Barnett Janner

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Barnett Janner (1970)
1920 Cardiff City Council election poster

Barnett Janner, Baron Janner (20 June 1892 – 4 May 1982) was a British politician who was elected as a Liberal Member of Parliament (MP) and later as a Labour MP.[1][2]

Early life[edit]

Janner was born to a Litvak family in Luokė in the Kovno Governorate of the Russian Empire, in what is now Lithuania. He was the son of Joseph and Gertrude Janner.[2] At the age of nine months, his family, who were Orthodox Jews, moved to Barry, Glamorgan, Wales, where his father opened a furniture shop.[2]

Janner was educated at the local school before obtaining a scholarship to attend the University College of South Wales and Monmouthshire at Cardiff. He was president of the students' union and edited the college magazine. He graduated with a BA in English and mathematics in 1914, before serving in the Royal Garrison Artillery during the First World War.[1][2] Having studied law before the war, he was admitted as solicitor in 1919 and established a legal practice in Cardiff.[1]

Liberal politics[edit]

Janner entered politics in 1920 when he stood unsuccessfully for election to Cardiff City Council as a candidate of the Comrades of the Great War. Three years later he had joined the Liberal Party, but again failed to gain a seat on the council.[1][2] In 1926 he was elected to the Board of Deputies of British Jews, and subsequently became a member of the executive of the British Zionist Federation.[2]

At the 1929 general election he was the Liberal candidate for Cardiff Central, but failed to be elected. Later in the year he moved to Hendon, north London, and took up employment as company secretary and solicitor for his father-in-law's business.[2]

In 1930, Harry Gosling, the sitting Labour MP for the Whitechapel and St George's constituency in the East End of London died. Janner was chosen to contest the resulting by-election. The area had a large Jewish population, and he campaigned in opposition to the government's policy on Palestine, but was narrowly defeated.[2] Ten months later at the 1931 general election Janner again contested the Whitechapel seat for the Liberals, this time being returned to the House of Commons. At the next general election in 1935 Janner stood as a Liberal and Anti-Fascist candidate, but was one of many Liberals to lose their seats, with the Labour Party regaining the seat.[2]

Labour politics[edit]

Within a year of losing his seat as a Liberal, Janner had joined the Labour Party, and was quickly chosen as prospective candidate for Leicester West, which was held by National Labour with a small majority. In the event there was no election for ten years because of the Second World War.[1][2]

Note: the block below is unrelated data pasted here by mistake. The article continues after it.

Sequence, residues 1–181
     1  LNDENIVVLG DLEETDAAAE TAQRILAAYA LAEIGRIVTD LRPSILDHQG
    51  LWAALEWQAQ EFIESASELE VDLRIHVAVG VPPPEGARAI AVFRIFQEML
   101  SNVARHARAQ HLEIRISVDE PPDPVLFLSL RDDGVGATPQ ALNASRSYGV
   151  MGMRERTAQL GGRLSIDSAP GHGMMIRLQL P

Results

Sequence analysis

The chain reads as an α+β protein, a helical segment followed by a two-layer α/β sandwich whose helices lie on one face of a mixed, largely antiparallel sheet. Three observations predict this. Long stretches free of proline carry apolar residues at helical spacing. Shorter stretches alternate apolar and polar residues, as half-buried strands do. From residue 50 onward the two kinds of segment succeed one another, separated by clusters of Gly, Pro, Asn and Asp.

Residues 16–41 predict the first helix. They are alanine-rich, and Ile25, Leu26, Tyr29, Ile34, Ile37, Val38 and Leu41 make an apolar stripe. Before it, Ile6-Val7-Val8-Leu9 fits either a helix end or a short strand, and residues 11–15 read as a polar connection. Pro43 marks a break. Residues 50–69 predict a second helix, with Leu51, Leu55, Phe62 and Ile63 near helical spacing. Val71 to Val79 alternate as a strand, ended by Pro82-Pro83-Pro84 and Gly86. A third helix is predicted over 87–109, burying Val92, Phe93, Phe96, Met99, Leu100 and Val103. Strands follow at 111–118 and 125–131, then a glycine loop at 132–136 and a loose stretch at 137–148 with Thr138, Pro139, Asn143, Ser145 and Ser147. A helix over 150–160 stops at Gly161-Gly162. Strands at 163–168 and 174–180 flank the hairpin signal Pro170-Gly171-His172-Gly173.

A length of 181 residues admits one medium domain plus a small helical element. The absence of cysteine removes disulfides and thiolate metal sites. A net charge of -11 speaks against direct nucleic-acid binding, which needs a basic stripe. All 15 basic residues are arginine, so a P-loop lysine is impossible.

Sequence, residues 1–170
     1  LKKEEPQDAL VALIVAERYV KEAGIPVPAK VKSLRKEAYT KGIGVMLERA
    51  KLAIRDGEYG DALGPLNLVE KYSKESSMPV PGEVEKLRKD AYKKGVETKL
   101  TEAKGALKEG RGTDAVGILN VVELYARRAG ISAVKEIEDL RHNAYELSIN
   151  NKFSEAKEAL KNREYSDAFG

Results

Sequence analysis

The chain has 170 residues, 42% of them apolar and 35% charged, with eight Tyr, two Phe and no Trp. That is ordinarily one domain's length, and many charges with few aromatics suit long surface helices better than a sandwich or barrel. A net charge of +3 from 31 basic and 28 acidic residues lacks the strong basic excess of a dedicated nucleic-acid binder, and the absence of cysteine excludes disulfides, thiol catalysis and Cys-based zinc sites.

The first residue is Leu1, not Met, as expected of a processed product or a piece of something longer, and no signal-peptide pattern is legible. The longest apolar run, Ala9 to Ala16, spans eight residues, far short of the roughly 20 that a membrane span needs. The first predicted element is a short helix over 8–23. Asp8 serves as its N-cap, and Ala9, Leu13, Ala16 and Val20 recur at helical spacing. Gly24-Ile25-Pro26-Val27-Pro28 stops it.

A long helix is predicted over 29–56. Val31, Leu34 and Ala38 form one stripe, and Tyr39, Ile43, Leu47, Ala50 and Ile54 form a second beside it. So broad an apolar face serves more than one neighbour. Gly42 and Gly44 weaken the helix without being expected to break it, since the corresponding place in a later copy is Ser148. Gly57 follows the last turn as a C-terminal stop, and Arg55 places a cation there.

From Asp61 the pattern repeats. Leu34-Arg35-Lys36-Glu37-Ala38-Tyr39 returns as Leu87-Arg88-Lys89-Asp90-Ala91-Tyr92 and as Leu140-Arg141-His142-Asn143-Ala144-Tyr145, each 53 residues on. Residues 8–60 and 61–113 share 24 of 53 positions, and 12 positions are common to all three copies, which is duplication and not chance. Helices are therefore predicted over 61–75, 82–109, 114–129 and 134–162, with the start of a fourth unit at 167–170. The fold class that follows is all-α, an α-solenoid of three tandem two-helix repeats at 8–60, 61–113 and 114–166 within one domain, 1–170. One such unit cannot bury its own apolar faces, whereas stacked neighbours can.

Janner returned to Parliament ten years later, when he was elected at the 1945 general election as Labour MP for Leicester West, defeating Harold Nicolson the incumbent National Labour MP. When that constituency was abolished for the 1950 election, he was re-elected for the new Leicester North West constituency. He held that seat until he retired from the Commons at the 1970 general election, when his seat was held for Labour by his son Greville.

Knighted in 1961,[3] Janner was created a life peer on 20 June 1970 and took the title Baron Janner, of the City of Leicester.[4]

Jewish community[edit]

Janner held many positions in the Jewish community, including President of the Board of Deputies of British Jews, 1955–64.

Personal life[edit]

In 1927, Janner married Elsie Sybil Cohen, daughter of the owner of a furniture store. Their son Greville Janner,[5] later Baron Janner of Braunstone, succeeded his father as the Labour MP for Leicester North-West in 1970.

See also[edit]


  1. ^ a b c d e "Lord Janner Tireless champion of Jewish causes". The Times. 6 May 1982. p. 14.
  2. ^ a b c d e f g h i j Wasserstein, Bernard (2004). "Janner, Barnett, Baron Janner (1892–1982)". Oxford Dictionary of National Biography (online ed.). Oxford University Press. doi:10.1093/ref:odnb/31285. Retrieved 21 October 2021. (Subscription or UK public library membership required.)
  3. ^ "No. 42274". The London Gazette. 10 February 1961. p. 1015.
  4. ^ "No. 45137". The London Gazette. 26 June 1970. p. 7103.
  5. ^ Freedland, Michael (21 July 1994). "Obituary: Elsie Janner". The Independent. Retrieved 21 October 2021.


External links[edit]

Parliament of the United Kingdom
Preceded by Member of Parliament for Whitechapel and St Georges
Succeeded by
Preceded by Member of Parliament for Leicester West
Constituency abolished
New constituency Member of Parliament for Leicester North West
Succeeded by